Original HDD...

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  1. Posts : 11,203
    Windows / Linux : Arch Linux
       #11

    jbdiesellife said:
    Win 10 Home.
    Hi there

    IMO the best way of "Factory state" restores is to create an image immediately you have purchased the PC on to a separate medium say with Acronis or another stand alone backup program.

    Now as you've already got Windows running why not image the whole HDD including recovery partition. Then if you can't boot for any reason you've got a bootable "Bare metal" restore -- no need for swapping out HDD's again.

    This also works if you replace your entire HDD too. Just restore the recovery partition on to the new HDD and run the recovery program.

    Cheers
    jimbo
      My Computer


  2. Posts : 13,676
    Windows10
       #12

    As PC came with Windows, you can also put hdd back and create your own recovery usb drive from

    control panel, recovery, create recovery drive, and select to copy system files.

    TBH - this is somewhat redundant for windows 10 as you can easily install from scratch anyway.

    Recovery partitions were important back in days of Windows 7, when you had preinstalled windows 7, and needed to use that to reset PC, unless you downloaded an iso, and often used the COA key on blue sticker on base of pc (which also often got lost).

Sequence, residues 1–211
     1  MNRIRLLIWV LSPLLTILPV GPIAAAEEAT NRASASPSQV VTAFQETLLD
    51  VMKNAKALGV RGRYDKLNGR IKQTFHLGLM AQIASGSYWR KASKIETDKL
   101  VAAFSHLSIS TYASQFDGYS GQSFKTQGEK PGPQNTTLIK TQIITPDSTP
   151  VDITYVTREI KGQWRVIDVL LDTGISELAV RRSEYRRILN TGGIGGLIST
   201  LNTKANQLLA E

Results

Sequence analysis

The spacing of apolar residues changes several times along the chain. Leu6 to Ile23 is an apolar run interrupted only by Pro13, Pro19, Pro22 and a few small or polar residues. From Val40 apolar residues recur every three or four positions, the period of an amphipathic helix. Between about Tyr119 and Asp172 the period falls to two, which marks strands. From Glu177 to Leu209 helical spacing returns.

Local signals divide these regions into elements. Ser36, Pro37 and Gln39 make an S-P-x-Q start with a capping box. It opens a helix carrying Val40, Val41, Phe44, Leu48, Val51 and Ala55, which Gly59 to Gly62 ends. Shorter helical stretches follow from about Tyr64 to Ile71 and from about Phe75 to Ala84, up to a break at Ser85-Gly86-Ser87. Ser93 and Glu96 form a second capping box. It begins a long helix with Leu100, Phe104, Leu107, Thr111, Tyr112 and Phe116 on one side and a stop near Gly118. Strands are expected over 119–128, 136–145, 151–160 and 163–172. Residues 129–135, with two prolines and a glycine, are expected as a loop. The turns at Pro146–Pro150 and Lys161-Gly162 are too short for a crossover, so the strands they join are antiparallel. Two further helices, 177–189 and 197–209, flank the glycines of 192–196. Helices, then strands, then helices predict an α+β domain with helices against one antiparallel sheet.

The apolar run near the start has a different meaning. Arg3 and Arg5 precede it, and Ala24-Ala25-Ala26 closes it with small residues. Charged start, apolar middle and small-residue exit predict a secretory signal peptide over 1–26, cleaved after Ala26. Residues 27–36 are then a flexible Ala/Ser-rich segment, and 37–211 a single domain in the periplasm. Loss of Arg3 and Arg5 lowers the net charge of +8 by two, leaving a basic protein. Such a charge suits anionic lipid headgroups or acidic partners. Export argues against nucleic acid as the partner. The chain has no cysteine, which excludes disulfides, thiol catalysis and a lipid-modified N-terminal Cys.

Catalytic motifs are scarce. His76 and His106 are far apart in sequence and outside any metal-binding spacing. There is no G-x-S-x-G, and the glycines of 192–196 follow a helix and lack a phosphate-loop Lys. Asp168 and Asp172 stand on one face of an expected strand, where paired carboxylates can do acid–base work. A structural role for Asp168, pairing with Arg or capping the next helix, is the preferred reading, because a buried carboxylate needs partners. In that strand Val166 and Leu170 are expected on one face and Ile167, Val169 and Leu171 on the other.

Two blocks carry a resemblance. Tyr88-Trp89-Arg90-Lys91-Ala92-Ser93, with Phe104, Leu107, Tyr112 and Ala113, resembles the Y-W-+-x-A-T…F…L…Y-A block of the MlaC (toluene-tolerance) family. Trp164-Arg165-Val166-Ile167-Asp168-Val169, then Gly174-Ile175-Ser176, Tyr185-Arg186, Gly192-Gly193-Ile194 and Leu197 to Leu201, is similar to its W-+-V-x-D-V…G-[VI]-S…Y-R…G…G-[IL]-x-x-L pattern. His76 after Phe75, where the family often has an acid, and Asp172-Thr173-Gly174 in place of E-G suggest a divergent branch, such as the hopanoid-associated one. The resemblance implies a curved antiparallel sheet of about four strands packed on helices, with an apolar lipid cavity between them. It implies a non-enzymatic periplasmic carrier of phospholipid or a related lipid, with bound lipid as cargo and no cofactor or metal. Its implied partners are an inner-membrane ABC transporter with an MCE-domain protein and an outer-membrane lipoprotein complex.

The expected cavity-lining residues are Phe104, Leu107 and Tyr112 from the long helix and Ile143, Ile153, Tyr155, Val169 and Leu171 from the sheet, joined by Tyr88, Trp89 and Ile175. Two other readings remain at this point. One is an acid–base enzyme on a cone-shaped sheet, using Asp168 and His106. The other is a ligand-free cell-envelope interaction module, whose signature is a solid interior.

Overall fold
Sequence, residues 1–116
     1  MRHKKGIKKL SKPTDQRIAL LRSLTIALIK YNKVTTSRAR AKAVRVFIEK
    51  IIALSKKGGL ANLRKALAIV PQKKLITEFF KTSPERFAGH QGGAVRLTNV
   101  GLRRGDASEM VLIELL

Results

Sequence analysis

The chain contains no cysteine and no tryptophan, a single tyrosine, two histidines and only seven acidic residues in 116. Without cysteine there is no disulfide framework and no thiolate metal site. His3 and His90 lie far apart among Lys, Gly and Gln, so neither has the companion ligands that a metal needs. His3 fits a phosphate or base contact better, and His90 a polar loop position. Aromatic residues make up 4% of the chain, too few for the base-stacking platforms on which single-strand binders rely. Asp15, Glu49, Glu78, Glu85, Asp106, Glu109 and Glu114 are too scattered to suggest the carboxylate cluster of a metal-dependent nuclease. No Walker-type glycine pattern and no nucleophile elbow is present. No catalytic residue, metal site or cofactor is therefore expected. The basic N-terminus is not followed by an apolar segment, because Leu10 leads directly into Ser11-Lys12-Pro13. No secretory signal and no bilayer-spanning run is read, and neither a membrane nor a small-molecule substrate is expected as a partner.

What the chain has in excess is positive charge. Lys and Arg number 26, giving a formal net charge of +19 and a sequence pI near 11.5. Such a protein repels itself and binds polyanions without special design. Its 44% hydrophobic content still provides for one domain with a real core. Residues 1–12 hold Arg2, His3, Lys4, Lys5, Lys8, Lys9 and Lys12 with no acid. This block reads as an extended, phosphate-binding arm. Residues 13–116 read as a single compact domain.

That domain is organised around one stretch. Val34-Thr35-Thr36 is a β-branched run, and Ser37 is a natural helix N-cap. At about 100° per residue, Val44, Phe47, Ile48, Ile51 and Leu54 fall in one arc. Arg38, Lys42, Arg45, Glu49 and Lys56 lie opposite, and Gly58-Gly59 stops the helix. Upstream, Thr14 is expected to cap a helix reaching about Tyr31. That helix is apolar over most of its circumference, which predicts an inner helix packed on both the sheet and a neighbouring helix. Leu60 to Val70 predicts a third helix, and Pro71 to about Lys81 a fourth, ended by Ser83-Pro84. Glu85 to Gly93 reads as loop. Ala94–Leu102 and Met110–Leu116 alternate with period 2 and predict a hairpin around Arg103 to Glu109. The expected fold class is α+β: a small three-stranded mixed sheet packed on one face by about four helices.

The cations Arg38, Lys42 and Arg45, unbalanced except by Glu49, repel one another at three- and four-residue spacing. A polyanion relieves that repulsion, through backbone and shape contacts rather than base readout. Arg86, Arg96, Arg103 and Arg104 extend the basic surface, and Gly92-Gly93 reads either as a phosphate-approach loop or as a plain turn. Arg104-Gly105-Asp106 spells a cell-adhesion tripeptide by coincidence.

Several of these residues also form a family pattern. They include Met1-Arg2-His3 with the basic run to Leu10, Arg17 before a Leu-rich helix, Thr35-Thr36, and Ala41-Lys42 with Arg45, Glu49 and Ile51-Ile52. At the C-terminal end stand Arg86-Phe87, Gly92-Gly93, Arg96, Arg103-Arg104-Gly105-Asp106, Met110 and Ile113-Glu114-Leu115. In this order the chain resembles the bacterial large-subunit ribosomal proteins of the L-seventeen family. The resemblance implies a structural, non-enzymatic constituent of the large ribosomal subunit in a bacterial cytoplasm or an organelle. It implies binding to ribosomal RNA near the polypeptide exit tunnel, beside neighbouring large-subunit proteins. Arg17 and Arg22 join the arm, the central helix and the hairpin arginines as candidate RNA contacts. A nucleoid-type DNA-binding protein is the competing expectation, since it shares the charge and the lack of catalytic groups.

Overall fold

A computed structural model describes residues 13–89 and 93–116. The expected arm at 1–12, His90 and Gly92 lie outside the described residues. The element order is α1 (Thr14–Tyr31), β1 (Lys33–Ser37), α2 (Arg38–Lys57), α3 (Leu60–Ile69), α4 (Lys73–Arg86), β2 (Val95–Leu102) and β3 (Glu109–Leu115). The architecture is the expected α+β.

The other reason was the recovery partition often contained drivers not in the standard MS isos (which you cannot now download directly from MS anyway). Windows 10 has much superior driver support, but occasionally the pcs (mainly tablets) have drivers preinstalled not in the standard MS iso, but you can usually download from the web.

    What I do is export all third party drivers to a usb stick, using following, just in case you need them in future.

    http://woshub.com/how-to-export-driv...indows-8-1-u1/

    In all honesty, an OEM recovery partition on a Windows 10 drive must contain a massive amount of Dell bloatware which you probably do not need anyway.

    So I would follow Jimbo's advice above, and forget about the whole thing, as you will save it anyway if you ever needed it.

    Indeed after you have made backup, you can reclaim that space for your use.

    Personally I would shrink OS drive and create a new partition for data as that makes data backup easier as you can back it up separately from C drive, using File History Backup (for example), and create smaller system image backups of C drive. You can also store image backups on new partition for convenience. You need need to copy externally as well in case hard drive fails - I do this less often just accepting I may need to reinstall a couple of things and update virus files etc if my main ssd fails)

    Still that is your choice - you could simply expand the C drive as well, but over time image backups can get very large.
      My Computer


 

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